Oh Lydia, oh Lydia, say, have you met Lydia?
    Lydia The Tattooed Lady.
    She has eyes that folks adore so,
    and a torso even more so.

    [ Parent ]
    Quote from George W. Bush (2.50 / 2) (#83)
    by thePositron on Thu Nov 15, 2001 at 09:42:33 PM EST

    George W. Bush December 18, 2000 - 12:00 p.m. ET:
    If this were a dictatorship, it'd be a heck of a lot easier, just so long as I'm the dictator.

    I wonder if he meant it?

    Out of Context (none / 0) (#124)
    by Mitheral on Tue Nov 20, 2001 at 10:21:52 AM EST

    This quote was taken wildly out of context I encourge everyone to read the full text; however, here is the rest of the paragraph:

    GOV. GEORGE W. BUSH (R-TX), PRESIDENT-ELECT: I told all four that there were going to be some times where we don't agree with each other. But that's OK. If this were a dictatorship, it'd be a heck of a lot easier, just so long as I'm the dictator.

    [ Parent ]

    Citizens of the United States (2.00 / 2) (#85)
    by badturtle on Thu Nov 15, 2001 at 10:08:46 PM EST

    In time of war, there is no reason not to do this to foreigners. Foreigners. I will say it again, <B>FOREIGNERS</b>. US citizens are protected from this by the Constitution. I have not read the text of the Supreme Court decision, but if it is anything like the decision of sucession of states, it needs to be reviewed. Does it apply to citizens of the United States? If so, it is terribly wrong. For a citizen to be tried in this way, he must waive his right to a trial by jury. Even then, it should be reserved for treason trials only because those are war related anyway. Of course, that takes two witnesses to bring prosecution. A citizen of the United States has certain rights. That is the point of citizenship and naturalization. You can't take away those rights without consent from the person whose rights are being taken away, unless you have a conviction on another crime.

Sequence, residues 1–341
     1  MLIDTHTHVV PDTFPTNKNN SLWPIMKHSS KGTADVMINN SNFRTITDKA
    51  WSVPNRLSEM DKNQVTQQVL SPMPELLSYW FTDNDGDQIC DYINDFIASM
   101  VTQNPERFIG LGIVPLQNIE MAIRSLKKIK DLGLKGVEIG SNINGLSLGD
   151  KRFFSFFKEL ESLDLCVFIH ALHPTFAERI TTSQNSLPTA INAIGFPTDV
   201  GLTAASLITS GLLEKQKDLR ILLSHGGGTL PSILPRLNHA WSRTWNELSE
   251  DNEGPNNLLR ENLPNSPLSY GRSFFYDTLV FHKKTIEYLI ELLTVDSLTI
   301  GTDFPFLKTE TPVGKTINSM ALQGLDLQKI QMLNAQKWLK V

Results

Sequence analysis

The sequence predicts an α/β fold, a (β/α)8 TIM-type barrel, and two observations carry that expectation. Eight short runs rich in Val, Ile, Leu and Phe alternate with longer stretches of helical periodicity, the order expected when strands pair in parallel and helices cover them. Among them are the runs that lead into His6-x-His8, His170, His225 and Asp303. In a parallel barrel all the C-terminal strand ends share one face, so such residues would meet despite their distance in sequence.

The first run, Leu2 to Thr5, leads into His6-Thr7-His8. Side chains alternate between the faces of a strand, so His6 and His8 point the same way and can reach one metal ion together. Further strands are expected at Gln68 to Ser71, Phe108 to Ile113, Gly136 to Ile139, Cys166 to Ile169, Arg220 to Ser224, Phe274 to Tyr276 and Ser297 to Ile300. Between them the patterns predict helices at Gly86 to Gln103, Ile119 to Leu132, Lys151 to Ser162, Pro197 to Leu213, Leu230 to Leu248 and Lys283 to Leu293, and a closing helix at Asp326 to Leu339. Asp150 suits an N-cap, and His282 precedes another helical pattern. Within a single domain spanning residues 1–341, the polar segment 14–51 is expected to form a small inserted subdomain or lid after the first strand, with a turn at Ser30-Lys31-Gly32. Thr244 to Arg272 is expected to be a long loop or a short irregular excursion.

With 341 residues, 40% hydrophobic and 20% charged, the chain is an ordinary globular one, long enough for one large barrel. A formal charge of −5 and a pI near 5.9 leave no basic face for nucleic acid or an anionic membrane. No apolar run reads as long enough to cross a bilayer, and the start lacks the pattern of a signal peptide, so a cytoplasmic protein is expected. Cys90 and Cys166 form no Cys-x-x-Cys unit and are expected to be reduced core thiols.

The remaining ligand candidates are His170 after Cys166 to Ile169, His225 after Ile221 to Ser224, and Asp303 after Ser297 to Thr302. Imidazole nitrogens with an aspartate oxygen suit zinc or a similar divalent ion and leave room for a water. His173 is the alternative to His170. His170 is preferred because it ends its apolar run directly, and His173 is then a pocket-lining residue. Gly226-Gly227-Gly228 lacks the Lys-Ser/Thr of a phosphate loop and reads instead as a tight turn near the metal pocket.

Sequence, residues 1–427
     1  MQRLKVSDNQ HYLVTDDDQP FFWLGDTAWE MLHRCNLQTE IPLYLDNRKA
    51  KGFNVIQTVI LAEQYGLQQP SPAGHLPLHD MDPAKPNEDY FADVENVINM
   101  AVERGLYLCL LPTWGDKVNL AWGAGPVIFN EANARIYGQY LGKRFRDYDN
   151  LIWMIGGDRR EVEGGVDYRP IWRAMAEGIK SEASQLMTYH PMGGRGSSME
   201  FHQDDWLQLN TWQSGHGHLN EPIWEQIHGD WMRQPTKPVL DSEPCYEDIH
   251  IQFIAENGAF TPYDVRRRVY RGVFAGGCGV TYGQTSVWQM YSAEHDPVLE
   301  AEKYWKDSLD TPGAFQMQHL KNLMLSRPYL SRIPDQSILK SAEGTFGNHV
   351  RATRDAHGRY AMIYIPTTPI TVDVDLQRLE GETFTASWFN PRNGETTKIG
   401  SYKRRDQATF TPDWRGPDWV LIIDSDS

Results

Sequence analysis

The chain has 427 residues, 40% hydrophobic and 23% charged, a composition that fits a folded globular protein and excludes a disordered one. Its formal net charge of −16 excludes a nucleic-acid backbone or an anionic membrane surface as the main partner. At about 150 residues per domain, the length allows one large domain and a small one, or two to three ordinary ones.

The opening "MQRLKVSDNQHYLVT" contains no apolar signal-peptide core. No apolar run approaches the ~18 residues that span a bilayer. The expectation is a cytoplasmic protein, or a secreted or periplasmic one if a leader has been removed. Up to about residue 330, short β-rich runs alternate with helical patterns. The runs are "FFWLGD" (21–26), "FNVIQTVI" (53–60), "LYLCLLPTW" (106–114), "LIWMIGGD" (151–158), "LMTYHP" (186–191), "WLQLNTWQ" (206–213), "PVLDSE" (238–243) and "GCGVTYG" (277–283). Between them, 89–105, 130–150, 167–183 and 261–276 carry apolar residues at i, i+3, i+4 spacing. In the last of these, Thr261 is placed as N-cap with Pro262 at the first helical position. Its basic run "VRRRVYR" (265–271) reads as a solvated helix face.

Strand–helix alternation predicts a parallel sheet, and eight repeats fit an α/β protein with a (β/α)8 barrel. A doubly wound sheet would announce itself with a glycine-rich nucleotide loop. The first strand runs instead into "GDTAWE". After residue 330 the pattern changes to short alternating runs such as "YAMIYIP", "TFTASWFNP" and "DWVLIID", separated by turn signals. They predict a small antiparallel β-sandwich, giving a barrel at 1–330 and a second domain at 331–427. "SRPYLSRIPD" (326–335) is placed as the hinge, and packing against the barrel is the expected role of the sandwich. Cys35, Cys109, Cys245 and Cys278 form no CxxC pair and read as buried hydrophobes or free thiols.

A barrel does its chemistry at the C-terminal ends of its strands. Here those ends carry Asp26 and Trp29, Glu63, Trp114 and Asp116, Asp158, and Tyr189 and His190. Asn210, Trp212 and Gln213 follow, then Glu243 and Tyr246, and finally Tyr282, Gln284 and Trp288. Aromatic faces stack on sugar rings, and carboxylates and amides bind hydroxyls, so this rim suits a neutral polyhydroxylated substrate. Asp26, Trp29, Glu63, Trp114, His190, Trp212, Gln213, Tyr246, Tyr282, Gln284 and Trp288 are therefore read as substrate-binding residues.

Correction (4.25 / 4) (#96)
    by PhillipW on Fri Nov 16, 2001 at 07:52:37 PM EST

    The Constitution says people, not just citizens, are under it's protection. In fact, the word "citizen" is pretty much only used in the Constitution when discussing state->state and state->federal issues. Example, Amendment VI:

    The right of the people to be secure in their persons, houses, papers, and effects, against unreasonable searches and seizures, shall not be violated, and no warrants shall issue, but upon probable cause, supported by oath or affirmation, and particularly describing the place to be searched, and the persons or things to be seized.